I would like to register my support for the Planning Committee’s Directive for the middle portion of the Anholm Bikeway (without diverters, only traffic calming measures), and my opposition to the Staff plan which relies on diversion of most Broad street traffic onto Chorro.
To reiterate some safety concerns regarding the staff proposal for a dual protected bikeway on one side of Chorro street, I’d like to point out that (including cyclists heading for Poly, who will continue straight down Chorro and not turn onto Broad), the plan will set up TWO intersections where cyclists will have to cut diagonally across traffic – in one of which they will have their back to oncoming vehicles. This traffic, I might point out, will be made even heavier by the diversion plan. Besides the increased likelihood of a collision from this arrangement, residents along Chorro are also still going to have an increased chance of a collision with cyclists coming from the “wrong direction” down the street when they are attempting to back out of their driveways. With the obvious deficiencies of the bikeway design, the city is bound to become involved in any lawsuits which ensue.
On a more philosophical level, I’d like to point out that the concerns of the neighborhood residents, who are obviously most affected by these changes, are being completely ignored in the staff proposal. In the most recent design charrette, 10 of 11 groups took out the ostensibly “required” diverters in their proposed designs, and the whole group there in voting placed diverters as dead last in their preferences for design elements.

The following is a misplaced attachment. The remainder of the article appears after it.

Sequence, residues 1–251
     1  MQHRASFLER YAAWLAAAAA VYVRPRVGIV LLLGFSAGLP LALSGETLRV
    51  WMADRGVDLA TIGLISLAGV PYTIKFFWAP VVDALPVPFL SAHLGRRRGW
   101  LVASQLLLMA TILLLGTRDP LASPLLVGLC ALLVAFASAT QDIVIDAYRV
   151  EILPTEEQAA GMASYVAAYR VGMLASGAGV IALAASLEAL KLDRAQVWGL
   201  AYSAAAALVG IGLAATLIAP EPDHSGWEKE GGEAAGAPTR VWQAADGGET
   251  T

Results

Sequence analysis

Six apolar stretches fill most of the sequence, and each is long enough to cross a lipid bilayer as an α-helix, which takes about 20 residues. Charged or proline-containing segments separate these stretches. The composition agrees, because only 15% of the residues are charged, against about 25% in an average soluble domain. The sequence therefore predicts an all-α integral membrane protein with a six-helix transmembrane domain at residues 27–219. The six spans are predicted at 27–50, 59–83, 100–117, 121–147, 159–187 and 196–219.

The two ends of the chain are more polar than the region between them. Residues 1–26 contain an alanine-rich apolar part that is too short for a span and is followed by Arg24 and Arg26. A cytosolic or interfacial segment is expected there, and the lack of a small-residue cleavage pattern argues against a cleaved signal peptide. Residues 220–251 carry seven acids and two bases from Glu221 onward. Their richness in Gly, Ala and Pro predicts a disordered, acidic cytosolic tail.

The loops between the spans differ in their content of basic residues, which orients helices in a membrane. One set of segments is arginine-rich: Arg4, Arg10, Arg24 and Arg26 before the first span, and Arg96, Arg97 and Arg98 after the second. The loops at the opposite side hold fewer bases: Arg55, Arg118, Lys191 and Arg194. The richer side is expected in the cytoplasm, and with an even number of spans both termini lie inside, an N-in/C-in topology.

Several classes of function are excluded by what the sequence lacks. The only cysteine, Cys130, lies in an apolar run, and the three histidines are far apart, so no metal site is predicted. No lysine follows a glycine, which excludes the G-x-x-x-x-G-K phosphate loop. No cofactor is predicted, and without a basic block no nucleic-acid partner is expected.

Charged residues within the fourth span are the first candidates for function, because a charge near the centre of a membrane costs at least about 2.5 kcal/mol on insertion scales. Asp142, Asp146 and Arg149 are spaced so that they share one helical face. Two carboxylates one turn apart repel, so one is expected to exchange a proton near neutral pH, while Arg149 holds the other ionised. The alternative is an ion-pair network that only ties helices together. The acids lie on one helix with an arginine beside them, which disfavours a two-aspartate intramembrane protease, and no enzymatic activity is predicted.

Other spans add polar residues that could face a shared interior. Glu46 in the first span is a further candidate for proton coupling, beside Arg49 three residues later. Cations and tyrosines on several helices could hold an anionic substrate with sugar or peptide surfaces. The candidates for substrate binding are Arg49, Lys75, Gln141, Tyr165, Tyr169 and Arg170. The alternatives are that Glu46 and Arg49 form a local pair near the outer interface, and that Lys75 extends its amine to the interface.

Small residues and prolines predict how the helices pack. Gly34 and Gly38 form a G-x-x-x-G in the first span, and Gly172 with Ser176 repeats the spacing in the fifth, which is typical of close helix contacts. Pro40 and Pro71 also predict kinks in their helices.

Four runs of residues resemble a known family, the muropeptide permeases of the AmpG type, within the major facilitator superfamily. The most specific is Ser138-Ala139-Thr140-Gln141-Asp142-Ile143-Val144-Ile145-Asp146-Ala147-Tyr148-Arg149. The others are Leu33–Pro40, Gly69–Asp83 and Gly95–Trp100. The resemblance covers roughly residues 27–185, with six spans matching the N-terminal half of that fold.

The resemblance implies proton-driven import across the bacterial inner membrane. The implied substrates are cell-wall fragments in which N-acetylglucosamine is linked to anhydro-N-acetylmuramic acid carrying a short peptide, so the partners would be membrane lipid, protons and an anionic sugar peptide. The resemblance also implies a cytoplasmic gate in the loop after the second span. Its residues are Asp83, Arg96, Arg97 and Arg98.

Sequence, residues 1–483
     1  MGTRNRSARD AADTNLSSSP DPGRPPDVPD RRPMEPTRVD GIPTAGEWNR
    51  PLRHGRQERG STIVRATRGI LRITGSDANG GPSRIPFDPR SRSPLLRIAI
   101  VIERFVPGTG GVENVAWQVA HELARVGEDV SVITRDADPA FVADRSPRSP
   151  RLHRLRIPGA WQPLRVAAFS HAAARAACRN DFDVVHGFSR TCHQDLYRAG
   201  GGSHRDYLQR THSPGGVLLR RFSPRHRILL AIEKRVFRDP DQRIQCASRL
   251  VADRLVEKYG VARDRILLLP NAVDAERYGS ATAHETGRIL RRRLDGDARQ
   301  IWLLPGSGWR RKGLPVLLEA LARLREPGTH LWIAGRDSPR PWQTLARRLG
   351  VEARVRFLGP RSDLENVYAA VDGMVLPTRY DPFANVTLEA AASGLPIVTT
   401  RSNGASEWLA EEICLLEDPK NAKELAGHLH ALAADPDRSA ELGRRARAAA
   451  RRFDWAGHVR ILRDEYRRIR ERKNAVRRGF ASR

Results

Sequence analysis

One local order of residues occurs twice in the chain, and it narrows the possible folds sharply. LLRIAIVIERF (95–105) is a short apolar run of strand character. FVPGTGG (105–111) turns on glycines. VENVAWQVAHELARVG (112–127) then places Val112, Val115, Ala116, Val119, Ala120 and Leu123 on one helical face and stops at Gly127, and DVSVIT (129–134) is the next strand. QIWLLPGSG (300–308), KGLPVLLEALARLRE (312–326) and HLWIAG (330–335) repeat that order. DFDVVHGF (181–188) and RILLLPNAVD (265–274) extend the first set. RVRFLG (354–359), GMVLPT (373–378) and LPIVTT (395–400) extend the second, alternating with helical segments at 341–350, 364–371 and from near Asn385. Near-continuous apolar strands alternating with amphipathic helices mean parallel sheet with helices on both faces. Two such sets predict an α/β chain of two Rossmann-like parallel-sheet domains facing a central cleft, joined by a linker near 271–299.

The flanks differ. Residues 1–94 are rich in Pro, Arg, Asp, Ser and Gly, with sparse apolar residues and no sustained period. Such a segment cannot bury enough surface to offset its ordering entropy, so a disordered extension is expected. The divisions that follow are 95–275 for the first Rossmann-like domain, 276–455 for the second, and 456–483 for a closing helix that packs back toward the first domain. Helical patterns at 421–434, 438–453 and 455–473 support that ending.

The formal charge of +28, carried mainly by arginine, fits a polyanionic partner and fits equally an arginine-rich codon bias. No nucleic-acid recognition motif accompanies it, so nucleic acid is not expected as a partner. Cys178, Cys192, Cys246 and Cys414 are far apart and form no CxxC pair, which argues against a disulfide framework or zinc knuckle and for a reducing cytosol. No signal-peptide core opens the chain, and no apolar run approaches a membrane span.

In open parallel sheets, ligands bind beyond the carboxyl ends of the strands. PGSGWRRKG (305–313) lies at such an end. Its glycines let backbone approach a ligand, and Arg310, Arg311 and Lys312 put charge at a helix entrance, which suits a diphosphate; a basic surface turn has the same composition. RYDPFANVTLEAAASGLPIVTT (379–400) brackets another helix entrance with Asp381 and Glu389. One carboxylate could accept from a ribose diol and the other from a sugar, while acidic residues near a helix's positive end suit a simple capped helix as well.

Now, there is certainly the argument that inconveniencing a small number of people to enhance the greater good is a fair mechanism for civic improvement – for example, building a freeway through a neighborhood might negatively impact a thousand residents, while allowing ten or twenty thousand people a quicker, easier commute. This is a fair point. The staff bikeway plan, however, will negatively impact a thousand residents and over eight thousand drivers (by your own figures) in order to marginally improve the bicycling experience for (optimistically) a couple hundred riders. This situation is categorically unfair to the majority.
If you adopt the Planning Committee’s calming plan (without any traffic diversion), the majority of residents and drivers would have to agree that this is a reasonable first attempt at solving the problem, and then would not be able to seriously object to further changes if this solution proves to be unsatisfactory. Trying a milder solution and seeing what kind of improvement might result is a far better approach than imposing a demonstrably unpopular one.
Thank you for your consideration,